Minimizing your risks often means making compromises. If there's a long line of cars approaching from the opposite direction, slow down, be prepared to brake, and move to the right. If an approaching vehicle drifts into your lane of travel, slow down and pull over to the right. Sound your horn and flash your lights to warn the driver. When approaching a curve, slow down before entering, and stay toward the right of the lane

 

Following Distance

You'll be in a better position to avoid crashes if you maintain the proper following distance and have a space cushion around your vehicle. Should the car ahead of you stop abruptly, you'll have one of two choices: stop or change lanes. Scanning ahead will help you know if it is safe for you to move into a lane to your left or right. At higher speeds, you'll need a larger space cushion. This cushion can be determined by following the two-second rule.

This rule allows you to see ahead of the vehicle in front of you and to keep a cushion or safe distance in the event of an emergency or unexpected traffic situation. This is the minimum recommended following distance, though in some circumstances that should be increased. To establish a two-second gap, select a fixed point on the road, such as a sign or tree. Wait for the vehicle ahead of you to pass that point, and then start counting "one-thousand-one, one-thousand-two." If you pass the fixed point before you finish your count, you are following too closely, so ease off the gas slightly.

A two-second cushion is not enough in certain situations. When that is the case, increase your following distance to at least three seconds, or better yet, four seconds.10 You should widen the gap between your car and the vehicle ahead when:

  • You are being tailgated. Establishing a larger cushion gives you more time to react and brake, thus allowing you to avoid a collision with the vehicle behind you.
  • Your vision of the road is obstructed, or visibility is poor. Increasing the following distance allows you to account for any surprises.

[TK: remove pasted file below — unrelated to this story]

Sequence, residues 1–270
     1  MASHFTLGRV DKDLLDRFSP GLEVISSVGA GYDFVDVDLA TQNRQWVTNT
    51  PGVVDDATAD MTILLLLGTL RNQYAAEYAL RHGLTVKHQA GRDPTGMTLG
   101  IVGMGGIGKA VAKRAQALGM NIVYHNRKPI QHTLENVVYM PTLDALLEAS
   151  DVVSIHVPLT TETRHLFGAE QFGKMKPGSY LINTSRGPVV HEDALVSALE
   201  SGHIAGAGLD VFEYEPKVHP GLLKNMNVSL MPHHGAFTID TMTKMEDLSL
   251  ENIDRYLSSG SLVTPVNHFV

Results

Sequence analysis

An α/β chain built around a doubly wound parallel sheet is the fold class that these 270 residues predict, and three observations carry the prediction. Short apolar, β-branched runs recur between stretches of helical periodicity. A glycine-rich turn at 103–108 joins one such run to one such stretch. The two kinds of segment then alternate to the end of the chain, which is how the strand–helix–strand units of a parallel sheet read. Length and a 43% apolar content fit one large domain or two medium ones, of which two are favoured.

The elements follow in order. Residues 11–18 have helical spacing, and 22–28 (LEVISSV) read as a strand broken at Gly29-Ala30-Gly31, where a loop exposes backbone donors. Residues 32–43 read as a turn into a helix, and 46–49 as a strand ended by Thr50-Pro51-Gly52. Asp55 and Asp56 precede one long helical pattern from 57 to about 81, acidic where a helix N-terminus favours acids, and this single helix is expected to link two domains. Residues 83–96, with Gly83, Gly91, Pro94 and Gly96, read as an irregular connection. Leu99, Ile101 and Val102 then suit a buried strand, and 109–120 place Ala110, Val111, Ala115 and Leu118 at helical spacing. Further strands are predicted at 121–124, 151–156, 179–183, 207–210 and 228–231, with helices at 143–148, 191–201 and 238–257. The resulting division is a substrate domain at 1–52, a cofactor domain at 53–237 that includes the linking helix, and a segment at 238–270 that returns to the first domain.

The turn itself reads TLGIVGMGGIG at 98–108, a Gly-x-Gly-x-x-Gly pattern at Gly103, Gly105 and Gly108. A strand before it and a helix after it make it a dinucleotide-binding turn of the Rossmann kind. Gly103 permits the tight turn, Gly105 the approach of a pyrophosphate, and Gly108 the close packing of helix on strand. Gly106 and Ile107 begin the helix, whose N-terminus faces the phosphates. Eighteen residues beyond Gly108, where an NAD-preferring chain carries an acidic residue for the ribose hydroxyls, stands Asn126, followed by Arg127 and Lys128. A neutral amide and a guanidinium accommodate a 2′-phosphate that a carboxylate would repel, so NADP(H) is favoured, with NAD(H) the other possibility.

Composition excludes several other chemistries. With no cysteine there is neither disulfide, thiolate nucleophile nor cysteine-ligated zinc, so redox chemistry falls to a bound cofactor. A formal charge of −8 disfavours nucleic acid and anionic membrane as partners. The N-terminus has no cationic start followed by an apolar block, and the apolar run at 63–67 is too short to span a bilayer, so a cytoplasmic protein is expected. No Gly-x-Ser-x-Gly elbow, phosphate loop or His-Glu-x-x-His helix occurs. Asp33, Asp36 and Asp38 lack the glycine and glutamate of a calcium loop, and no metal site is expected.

• You are behind a large vehicle. When you can only see the vehicle's back in front of you, and not the road, you are too close. To see the road ahead, you need to make room by staying back a bit further.
  • Driving on slippery roads. It's more difficult to stop due to the reduced traction. You may have to increase the following distance to as much as 10 seconds when driving on icy roads.
  • Following motorcycles. You'll have to avoid hitting the rider, especially if the motorcycle falls.
  • The driver behind you wants to pass. Give him or her space to move into the lane.
  • You see a municipal bus, school bus, or other vehicle that makes frequent stops, such as at railroad crossings.
  • Road or weather conditions are poor. You'll need time to react should something unexpected occurs.
  • Traveling at high speeds. The faster you go, the longer it will take for you to stop.
  • Pulling a trailer or carrying a heavy load. The extra weight makes it more difficult to stop.
  • Merging onto a freeway. You need to give yourself and the car you pull in front of a space cushion.

In order to establish a safe following distance, you need to look ahead and around your vehicle as well as the one ahead of you. Check your mirrors, your speedometer, and the road often. Avoid focusing solely on the car in front, or any one thing, but keep your eyes moving. If you see something on the road or in your car, look when it's safe to do so after you check the road ahead